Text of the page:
The estimates of the number of books written about World War I are in the hundreds of thousands. By my estimate, Yale University Library holds 34,000 titles published before 1977 and more than 5,000 since. (The second category is on its computer, which counts up to 5,000 only.) The bibliography of Niall Ferguson’s The Pity of War lists about a thousand titles. But the author, no shrinking violet, advertises his book with the subtitle Explaining World War I.
Well, Ferguson has not so much set out to explain the war as to show why he thinks it was unavoidable and–more sensationally–why he thinks England is to blame for its not having remained a “little war” and how most of the things we know about it are actually myths. Without this war, with all its deaths and devastations, he tells us, Europe would be exactly where it is now, more than eighty years late: working toward union, with Germany as the leading power.
Ferguson is a new kind of academic, a man for our times. Not for him endless, virtually paragraph-less pages of in-depth analyses weighing pros and cons. His text (462 pages) is broken up by hundreds of quotes, soundbites really, from everyone from Hitler to an English gardener, all leading to conclusions (he says), controversial enough to be the delight of any television interviewer. But it feels like a book targeted at the uninformed and uncritical reader. Some of the conclusions seem to be reached with amazing speed: A German industrialist making an important deal in England proves to him that German industrialists did not want war, and that in turn is enough to have him write, “The Marxist interpretation of the war’s origins (i.e., capitalist competition) can therefore be consigned to the rubbish bin of history.” He sets up straw men–for instance, “the myth that it was the press that kept the war going on and on.” To illustrate this myth he uses an Austrian playwright, Karl Kraus, who argued that the increase in newspaper sales in the war years proved that only “the black-and-white international” (the press) profited from the war; Ferguson provides two pages of statistics demonstrating this. Then he knocks his straw man down by noting that after 1916 sales diminished, and that the closer one came to the front line, the less attention was paid to newspaper stories. Yet there seems no need for statistics in order to accept that once the frontline froze, extra-edition news would become rarer and newsstand sales would fall. As for the “cricket match approach” to the fighting taken by many newspapers, the casualty lists would soon enough prove otherwise.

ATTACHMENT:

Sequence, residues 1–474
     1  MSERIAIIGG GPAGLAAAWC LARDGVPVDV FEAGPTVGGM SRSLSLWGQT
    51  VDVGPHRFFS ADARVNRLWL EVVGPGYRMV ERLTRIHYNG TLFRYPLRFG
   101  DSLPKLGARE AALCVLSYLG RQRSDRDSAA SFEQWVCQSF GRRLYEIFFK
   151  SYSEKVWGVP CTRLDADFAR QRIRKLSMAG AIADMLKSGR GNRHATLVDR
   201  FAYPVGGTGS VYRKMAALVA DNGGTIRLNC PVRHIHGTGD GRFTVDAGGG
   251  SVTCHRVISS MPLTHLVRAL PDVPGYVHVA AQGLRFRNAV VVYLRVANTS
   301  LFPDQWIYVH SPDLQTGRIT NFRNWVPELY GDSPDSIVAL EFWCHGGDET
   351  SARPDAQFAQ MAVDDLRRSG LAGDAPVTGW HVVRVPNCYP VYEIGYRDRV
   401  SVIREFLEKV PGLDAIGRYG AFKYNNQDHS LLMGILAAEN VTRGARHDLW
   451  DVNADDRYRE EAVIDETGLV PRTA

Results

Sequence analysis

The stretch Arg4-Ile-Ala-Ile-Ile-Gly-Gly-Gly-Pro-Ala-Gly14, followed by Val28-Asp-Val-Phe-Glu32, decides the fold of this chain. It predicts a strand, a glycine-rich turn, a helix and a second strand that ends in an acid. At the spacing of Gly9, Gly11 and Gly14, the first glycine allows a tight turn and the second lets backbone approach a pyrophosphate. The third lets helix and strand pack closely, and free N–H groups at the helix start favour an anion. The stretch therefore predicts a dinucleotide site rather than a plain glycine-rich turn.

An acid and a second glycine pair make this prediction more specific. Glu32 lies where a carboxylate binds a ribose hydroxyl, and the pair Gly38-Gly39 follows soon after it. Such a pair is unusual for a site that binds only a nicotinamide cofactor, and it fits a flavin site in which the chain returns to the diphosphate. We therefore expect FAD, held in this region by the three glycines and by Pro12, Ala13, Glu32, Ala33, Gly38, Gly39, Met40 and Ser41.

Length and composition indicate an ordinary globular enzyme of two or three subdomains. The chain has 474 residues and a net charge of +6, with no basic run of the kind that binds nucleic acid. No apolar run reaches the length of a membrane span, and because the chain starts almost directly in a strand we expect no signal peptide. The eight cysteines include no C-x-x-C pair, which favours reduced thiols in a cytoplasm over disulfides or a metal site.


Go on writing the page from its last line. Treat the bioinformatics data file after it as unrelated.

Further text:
F. Scott Fitzgerald wrote a beautiful passage in which he explained as well as anyone the war’s acceptance: that it was built on the love affair of the citizens of the warring nations with their pasts, their rulers, their flag, their national anthem, their parades, their postcard pictures on the mantelpiece of the King and Queen or the President or the Kaiser. My critique of Ferguson’s two main theses can run deeper and more proximately. His first thesis is that England caused the war to expand by intervening and made it into a disaster, and the second is that the reason given for England’s intervention, i.e., the violation of Belgian neutrality, was a hypocritical fraud. When he writes, “The victorious Germans [would have] created a version of the European Union, eight decades ahead of schedule,” he ignores the fatal emotional charge acquired by words such as “war” and “ally.” Before 1914, war was “politics by other means”; thereafter it was for both sides a Manichean battle between Good and Evil. Even if Germany had set out to have a “little war,” the idea that conflict in the heart of Europe could have remained tightly circumscribed is fantastic. The same is true for the various scenarios Ferguson sketches for ending it, such as his suggestion that in 1918 the German general Erich Ludendorff should have sought peace negotiations on the basis of “relinquishing Belgium.”